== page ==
“Rock ‘n’ Wrestling”: In 1985, Hulkamania was runnin’ wild on this Saturday morning TV show

By on May 19, 2017

In this sports-themed episode of “Night Flight,” which originally aired on April 9, 1987 — it’s now streaming over on Night Flight Plus — we featured the memorable “Land of a Thousand Dances” video, performed by a stage full of celebrity pro wrestling WWE superstars who were called, what else?, the Wrestlers.

The video would also appear regularly on “Hulk Hogan’s Rock ‘n’ Wrestling,” a Saturday morning TV show (half-cartoon, half live-action) that first began airing on CBS around the same time the video was released, in the fall of ’85.

Read more about both below.


The buffoonish “We Are the World”-style video — directed by Edd Griles, creator of the MTV Video Music Awards — featured Meat Loaf on drums (this was a few years before he made his big comeback with Bat out Hell II), and Rick Derringer and Cyndi Lauper (appearing incognito as her “Mona Flambé” character, in a brunette wig and sunglasses), both rockin’ out on guitar.


They’re all backing up some of the big superstars in WWE wrestling at the time, including “Rowdy” Roddy Piper, Jesse “The Body” Ventura, Freddie Blassie, Randy “Macho Man” Savage, George “The Animal” Steele, Captain Lou Albano, Nikolai Volkoff, Bobby “The Brain” Heenan, Mr. Fuji, The Iron Sheik, the Junkyard Dog and many more, all of ‘em mugging for the camera and acting the fool before breaking out into a big fight towards the end.


It’s inevitable, of course, that the good guys and bad guys, standing together onstage — the video was filmed at a wrestling arena in Poughkeepsie, New York — would ultimately have to end up fighting; after all, the WWE wrestlers — in order to keep their fans thinking that they really didn’t like each other — would always try to keep themselves separate from each other, off-stage as well as on, even staying in separate hotels.


WWE’s Vince McMahon — who hardly allows himself to crack a smile these days — is even in on the action in the video, wearing his then-famous tuxedo and red bow-tie, an outfit he wore well into the 1990s.

By this time, McMahon — still doing the ring announcing at the time — had already created WrestleMania, a wrestling supershow that aired on closed-circuit TV (subsequent editions were broadcast on pay-per-view) to showcase all his newly acquired talent.

McMahon is also joined by fellow ring announcer “Mean” Gene Okerlund, who was well-known at the time as an interviewer, announcer and a former wrestler.

Noticeably absent onstage, though, is Hulk Hogan, who was probably the biggest WWE superstar of them all, but he’s barely missed amid all the grunting and over-acting from his wrestling compatriots, many of them dressed-up in costume.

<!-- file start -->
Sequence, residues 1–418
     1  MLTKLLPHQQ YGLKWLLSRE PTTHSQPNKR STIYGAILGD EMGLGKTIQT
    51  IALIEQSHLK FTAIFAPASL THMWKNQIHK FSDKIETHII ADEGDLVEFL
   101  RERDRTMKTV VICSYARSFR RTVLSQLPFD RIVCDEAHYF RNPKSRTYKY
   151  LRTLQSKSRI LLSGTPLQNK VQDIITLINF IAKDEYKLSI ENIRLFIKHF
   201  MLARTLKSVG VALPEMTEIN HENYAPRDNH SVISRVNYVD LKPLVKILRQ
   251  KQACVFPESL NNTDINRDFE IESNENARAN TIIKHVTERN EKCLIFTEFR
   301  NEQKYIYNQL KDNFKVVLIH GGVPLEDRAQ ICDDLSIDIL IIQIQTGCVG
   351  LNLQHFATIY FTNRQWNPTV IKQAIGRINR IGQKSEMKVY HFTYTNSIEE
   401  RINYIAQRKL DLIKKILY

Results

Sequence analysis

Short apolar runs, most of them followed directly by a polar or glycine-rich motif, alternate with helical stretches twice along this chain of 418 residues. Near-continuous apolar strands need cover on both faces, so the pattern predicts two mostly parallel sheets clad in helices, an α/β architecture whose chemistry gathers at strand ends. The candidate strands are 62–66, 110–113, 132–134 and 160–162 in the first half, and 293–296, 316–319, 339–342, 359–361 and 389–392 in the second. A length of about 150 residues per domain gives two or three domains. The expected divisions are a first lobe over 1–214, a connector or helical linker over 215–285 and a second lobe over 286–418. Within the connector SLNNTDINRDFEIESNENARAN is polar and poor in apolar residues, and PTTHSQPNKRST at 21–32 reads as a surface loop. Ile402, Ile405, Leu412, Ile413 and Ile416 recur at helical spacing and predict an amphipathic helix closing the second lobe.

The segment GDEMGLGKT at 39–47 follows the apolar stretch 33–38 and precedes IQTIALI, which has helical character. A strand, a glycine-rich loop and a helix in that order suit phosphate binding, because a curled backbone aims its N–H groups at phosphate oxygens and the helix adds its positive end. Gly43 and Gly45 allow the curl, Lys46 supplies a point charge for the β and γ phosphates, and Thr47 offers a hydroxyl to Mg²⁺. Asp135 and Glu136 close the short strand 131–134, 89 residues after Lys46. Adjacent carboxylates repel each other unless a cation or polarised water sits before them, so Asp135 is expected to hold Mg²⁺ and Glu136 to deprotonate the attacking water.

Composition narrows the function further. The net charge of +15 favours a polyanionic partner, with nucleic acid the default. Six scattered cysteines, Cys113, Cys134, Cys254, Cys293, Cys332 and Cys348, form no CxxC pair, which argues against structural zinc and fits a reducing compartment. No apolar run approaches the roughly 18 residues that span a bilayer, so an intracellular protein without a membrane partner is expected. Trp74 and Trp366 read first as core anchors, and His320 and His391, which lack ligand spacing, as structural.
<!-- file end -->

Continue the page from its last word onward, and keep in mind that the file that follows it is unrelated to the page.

The song “Land of a Thousand Dances” — first recorded by Cannibal and the Headhunters, a Chicano rockers from East L.A., and later a hit for several black R&B artists, namely Chris Kenner, Round Robin and Wilson Pickett — is a pretty good choice to cover, since it doesn’t require too much actual singing talent to pull off.


“Land of a Thousand Dances” was the lead-off track on the imaginatively-named The Wrestling Album, released by Epic Records, which was just one of many ways that the WWE promoted “Hulk Hogan’s Rock ‘n’ Wrestling,” pairing up wrestlers and rock music in a further attempt to appeal to a younger demographic.

Most true music fans simply could not really wrap their mind around the idea of hearing their favorite wrestlers singing, however, so it should come as no surprise that most of the album’s material wasn’t considered much more than an elaborate joke or promotional marketing gimmick, even by some of the participants.


Here’s a bit of history about the WWE: It was McMahon who would build professional wrestling into the entertainment-based, storyline-driven sport (?) that is today, founding Titan Sports Inc. in 1979, and then acquiring Capitol Wrestling Corporation, which was the holding company for the World Wrestling Federation, or WWF, in 1982.

Titan itself was renamed World Wrestling Federation, Inc. in 1998, and then World Wrestling Federation Entertainment, Inc. in 1999, before finally being re-christened World Wrestling Entertainment, Inc. (WWE) in 2002.

This happened mainly because the WWE lost a lawsuit against the World Wide Fund for Nature and the Cookie Jar Entertainment division of DHX Media, who barred the WWE from using the initials “WWF.”

Since 2011, the company has officially branded itself solely as WWE.


Rock guitarist and producer Rick Derringer’s name lent legitimacy to the Wrestling Album project, and indeed he was involved with this album’s production, along with Jim Steinman — Meat Loaf’s longtime songwriting/producing partner — and Cyndi Lauper’s then-manager and boyfriend David Wolff.

It was Wolff, by the way, who came up with the term “Rock ‘n’ Wrestling Connection.”


Cyndi Lauper, by the way, appears as a backing vocalist on Derringer’s song “Real American,” and, using her pseudonym Mona Flambé in the credits, she also produced Captain Lou Albano’s track, “Captain Lou’s History Of Music/Captain Lou.”